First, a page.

Addressing the structural shortcomings of European buildings, given there substantial contribution to greenhouse gas emissions and energy consumption, is a stepping stone towards the achievement of the climate goals. Therefore, a paradigmatic shift in the building sector is needed to improve its overall energy performance, to move away from the use of all fossil fuels and develop sustainable and circular practices across the whole value chain, while contextually reaping all the multiple environmental, social and economic benefits that are associated with a future-proof stock.
The 2021 revision of the Energy Performance of Buildings Directive (EPBD), as part of the European Commission’s Fit for 55 package, is pivotal to tap into the energy savings potential of the EU building stock and accelerate its decarbonisation. The limitations of the current framework should be addressed to translate the higher climate ambition into more stringent and effective measures to substantially increase the rate of deep renovations and move towards a building sector that is highly energy efficient, sustainable and renewable-based only.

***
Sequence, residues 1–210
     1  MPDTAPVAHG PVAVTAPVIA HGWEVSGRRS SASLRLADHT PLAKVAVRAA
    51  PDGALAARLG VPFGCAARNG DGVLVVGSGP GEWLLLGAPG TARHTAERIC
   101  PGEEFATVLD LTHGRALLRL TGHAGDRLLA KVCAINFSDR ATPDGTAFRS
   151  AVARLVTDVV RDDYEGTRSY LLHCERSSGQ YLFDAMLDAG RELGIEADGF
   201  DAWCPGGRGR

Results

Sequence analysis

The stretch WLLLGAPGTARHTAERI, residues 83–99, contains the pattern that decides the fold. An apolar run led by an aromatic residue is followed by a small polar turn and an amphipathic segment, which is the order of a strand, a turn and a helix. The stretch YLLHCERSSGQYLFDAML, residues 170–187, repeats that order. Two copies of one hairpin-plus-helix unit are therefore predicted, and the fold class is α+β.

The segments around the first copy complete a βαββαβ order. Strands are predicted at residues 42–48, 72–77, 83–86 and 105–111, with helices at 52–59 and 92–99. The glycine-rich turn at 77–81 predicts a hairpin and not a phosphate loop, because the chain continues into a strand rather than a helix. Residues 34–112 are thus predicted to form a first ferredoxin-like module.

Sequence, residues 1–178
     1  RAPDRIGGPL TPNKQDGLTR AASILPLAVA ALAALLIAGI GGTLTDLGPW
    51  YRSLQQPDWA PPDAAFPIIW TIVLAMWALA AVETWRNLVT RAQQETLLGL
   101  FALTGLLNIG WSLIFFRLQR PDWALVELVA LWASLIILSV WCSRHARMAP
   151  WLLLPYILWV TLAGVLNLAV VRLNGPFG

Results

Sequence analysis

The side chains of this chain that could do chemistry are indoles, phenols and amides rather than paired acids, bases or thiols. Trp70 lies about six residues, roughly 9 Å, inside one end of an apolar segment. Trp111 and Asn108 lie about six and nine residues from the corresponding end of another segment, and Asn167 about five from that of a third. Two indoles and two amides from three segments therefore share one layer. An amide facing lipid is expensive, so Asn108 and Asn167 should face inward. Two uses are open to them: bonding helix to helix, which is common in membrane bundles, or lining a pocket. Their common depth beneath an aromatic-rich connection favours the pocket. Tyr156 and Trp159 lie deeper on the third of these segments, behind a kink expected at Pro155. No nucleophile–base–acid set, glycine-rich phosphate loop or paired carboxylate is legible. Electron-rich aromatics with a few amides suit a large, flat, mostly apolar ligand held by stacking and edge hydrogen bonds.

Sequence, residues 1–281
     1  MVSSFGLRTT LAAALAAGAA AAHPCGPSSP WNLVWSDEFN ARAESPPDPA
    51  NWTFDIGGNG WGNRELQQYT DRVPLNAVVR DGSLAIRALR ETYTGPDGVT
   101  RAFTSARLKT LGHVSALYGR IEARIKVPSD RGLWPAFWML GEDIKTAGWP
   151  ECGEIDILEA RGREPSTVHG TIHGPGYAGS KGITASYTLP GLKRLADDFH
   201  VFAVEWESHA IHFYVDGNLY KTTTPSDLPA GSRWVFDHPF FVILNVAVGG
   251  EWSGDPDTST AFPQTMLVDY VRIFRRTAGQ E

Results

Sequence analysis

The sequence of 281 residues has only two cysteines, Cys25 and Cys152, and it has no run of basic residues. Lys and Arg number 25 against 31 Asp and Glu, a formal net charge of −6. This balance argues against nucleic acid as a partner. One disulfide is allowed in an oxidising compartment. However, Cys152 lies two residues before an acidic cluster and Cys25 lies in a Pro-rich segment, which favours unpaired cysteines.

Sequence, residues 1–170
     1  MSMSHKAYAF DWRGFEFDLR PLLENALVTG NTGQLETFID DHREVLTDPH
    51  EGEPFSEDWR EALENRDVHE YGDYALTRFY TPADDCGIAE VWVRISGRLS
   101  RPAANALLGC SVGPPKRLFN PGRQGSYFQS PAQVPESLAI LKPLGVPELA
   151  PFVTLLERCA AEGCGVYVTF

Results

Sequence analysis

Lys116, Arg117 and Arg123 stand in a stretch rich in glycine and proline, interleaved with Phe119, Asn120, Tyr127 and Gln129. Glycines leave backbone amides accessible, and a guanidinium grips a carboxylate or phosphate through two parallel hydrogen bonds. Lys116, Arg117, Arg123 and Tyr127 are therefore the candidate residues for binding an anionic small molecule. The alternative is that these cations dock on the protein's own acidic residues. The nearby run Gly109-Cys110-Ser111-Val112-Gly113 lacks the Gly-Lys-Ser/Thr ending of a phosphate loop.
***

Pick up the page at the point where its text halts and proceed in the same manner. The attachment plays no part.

This briefing provides a concise overview of this key piece of legislation and its recent developments. It also puts forward a set of recommendations on how the existing Directive should be strengthened to be in line with the Paris Agreement’s goal. These include:
A stronger policy framework
- Strengthening the Long-Term Renovation Strategies
- Improving the Energy Performance Ceritficates
- Future-proofing the Nearly-Zero Energy Building definition
Measures to increase annual deep renovation rates to at least 3%
- Introducing mandatory minimum energy performance standards
- Setting a deep renovation definition